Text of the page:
Bulgarian Lavender Oil Producers Concerned About EU Regulations
As the successful harvest season of several hundred tons of lavender oil comes to a close in Bulgaria, a leading global producer, the future of the industry appears uncertain due to impending EU regulations.
This is reported by AFP.
With a surplus of worldwide production already affecting prices, Bulgarian distilleries fear that new EU rules will further worsen their business prospects. While the European Union has suggested a halt in the implementation of revised regulations pertaining to harmful chemical substances, the clock is ticking.
Nikola Nenkov, the head of the "Galen-N" distillery, one of the largest in Bulgaria, is troubled by the prospect of soon having to affix labels containing health warnings and sensitive slogans on bottles of lavender oil. "We fear that such measures will lead to reduced consumption, production constraints, and, as a result, the potential disappearance of this sector in some regions – a concerning outcome given its long-standing tradition," he told AFP.
In an industry already grappling with low prices, labor shortages, climate change, and pests, these upcoming revisions will only add to the strain, he added.
From the renowned lavender fields around Zelenikovo in central Bulgaria to France's Provence, producers and farmers have united to shield their products from what they view as unfair regulations from Brussels. Other significant producers include China, Moldova, and Greece.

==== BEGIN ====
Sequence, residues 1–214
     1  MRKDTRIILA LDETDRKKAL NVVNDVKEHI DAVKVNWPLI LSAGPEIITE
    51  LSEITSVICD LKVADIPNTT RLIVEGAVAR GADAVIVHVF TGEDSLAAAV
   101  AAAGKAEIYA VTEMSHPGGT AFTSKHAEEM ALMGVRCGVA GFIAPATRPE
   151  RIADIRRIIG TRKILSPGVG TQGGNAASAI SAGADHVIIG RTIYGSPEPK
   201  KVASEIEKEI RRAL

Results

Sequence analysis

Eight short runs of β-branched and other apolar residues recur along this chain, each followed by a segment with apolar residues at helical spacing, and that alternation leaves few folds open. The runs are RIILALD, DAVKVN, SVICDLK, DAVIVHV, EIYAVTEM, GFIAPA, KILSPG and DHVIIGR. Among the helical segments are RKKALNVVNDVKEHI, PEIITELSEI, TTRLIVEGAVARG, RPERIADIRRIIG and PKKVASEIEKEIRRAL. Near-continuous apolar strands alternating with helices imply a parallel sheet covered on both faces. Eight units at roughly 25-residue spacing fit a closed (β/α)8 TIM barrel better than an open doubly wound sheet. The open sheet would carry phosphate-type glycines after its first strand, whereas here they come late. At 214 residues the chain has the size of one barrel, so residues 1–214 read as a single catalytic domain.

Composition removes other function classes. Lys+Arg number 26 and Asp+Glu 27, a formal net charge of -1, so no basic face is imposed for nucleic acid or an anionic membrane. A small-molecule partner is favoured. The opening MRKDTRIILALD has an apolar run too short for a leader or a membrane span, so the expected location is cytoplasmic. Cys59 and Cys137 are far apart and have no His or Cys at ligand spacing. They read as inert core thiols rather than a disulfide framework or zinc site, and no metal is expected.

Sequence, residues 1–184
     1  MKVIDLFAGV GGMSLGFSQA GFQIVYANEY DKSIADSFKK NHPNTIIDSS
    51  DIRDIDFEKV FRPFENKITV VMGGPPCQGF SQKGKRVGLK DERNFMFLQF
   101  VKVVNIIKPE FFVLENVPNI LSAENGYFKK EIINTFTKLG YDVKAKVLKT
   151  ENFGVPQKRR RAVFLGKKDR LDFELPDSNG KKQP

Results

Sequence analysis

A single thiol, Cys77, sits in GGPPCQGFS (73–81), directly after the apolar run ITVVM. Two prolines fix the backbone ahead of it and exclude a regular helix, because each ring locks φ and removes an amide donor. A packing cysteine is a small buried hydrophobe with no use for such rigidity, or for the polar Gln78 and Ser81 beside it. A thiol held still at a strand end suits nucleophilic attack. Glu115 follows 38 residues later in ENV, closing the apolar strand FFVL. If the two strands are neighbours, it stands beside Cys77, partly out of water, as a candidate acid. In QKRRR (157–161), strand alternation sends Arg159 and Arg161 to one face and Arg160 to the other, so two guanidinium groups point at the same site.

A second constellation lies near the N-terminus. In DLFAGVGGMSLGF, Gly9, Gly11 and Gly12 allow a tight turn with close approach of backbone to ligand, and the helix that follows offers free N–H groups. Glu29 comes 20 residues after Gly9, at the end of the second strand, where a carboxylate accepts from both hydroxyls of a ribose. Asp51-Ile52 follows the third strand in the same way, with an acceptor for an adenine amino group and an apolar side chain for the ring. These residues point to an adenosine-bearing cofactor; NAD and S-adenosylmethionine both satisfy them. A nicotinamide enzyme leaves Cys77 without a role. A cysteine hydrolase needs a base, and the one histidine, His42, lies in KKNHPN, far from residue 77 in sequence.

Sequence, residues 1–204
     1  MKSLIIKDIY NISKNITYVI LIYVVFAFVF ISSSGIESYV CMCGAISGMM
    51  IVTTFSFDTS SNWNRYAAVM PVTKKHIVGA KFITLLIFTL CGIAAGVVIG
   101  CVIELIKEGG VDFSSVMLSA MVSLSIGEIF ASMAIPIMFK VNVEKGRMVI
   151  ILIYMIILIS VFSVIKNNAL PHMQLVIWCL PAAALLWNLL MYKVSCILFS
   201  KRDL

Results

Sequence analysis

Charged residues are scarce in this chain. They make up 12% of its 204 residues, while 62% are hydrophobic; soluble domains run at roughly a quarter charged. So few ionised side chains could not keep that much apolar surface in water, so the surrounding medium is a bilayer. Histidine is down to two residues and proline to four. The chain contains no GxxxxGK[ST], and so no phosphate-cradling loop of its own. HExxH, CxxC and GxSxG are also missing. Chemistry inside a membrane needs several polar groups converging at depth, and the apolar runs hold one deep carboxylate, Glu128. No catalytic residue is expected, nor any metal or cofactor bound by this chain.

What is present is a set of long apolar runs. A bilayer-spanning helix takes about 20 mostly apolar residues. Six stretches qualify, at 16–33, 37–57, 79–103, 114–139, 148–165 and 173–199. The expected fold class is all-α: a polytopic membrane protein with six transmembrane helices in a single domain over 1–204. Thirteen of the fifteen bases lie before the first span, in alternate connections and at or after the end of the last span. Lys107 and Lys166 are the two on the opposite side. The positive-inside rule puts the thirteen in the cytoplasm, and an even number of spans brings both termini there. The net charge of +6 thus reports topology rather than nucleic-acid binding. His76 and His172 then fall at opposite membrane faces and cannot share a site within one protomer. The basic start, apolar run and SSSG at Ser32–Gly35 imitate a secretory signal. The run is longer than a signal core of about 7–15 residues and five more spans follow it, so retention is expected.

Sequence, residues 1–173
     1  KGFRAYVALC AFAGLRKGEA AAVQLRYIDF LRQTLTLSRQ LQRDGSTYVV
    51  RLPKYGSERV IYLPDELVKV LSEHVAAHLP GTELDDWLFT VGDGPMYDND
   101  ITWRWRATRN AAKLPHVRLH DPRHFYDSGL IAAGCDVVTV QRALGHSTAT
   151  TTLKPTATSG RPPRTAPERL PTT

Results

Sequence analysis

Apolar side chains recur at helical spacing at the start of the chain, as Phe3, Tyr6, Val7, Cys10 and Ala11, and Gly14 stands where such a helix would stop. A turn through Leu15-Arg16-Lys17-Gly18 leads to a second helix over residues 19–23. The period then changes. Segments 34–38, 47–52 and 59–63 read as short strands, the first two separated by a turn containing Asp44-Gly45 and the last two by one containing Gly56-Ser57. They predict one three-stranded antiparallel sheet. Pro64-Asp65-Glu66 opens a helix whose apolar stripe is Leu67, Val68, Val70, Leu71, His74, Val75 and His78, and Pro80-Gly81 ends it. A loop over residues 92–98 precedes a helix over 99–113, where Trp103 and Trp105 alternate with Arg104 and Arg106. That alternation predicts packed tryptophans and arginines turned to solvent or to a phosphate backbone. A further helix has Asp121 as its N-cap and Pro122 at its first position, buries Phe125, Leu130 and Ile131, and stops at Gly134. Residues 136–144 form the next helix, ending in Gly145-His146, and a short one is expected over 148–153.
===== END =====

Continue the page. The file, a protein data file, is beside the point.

Throughout the EU, essential oils are governed by two key chemical laws known as REACH (Registration, Evaluation, Authorization, and Restriction of Chemicals) and CLP (Classification and Labelling). The upcoming review of both laws aims to provide consumers and companies with better information about potential endocrine disruptors and components that cause cancer or allergic reactions in products.
The review of REACH, which deals with the registration, evaluation, authorization, and restriction of chemical substances, has been postponed until the fourth quarter of 2023. However, the EU Commission's proposal to refine the classification and labeling of substances under CLP, particularly for online sales, is expected to be presented for a plenary vote in October.
Facing resistance from producers, the EU Council has proposed a four-year exemption from the effective date of the text. According to Nenkov, this delay of four years doesn't fully solve the problem, but it marks a significant step forward.
As reported by The Gaze, influenced by culinary trends from the West, East, and the Mediterranean, Bulgarian cuisine impresses with its richness of colors, flavors, and aromas.
Earlier, we named five traditional dishes worth trying during a trip to Bulgaria.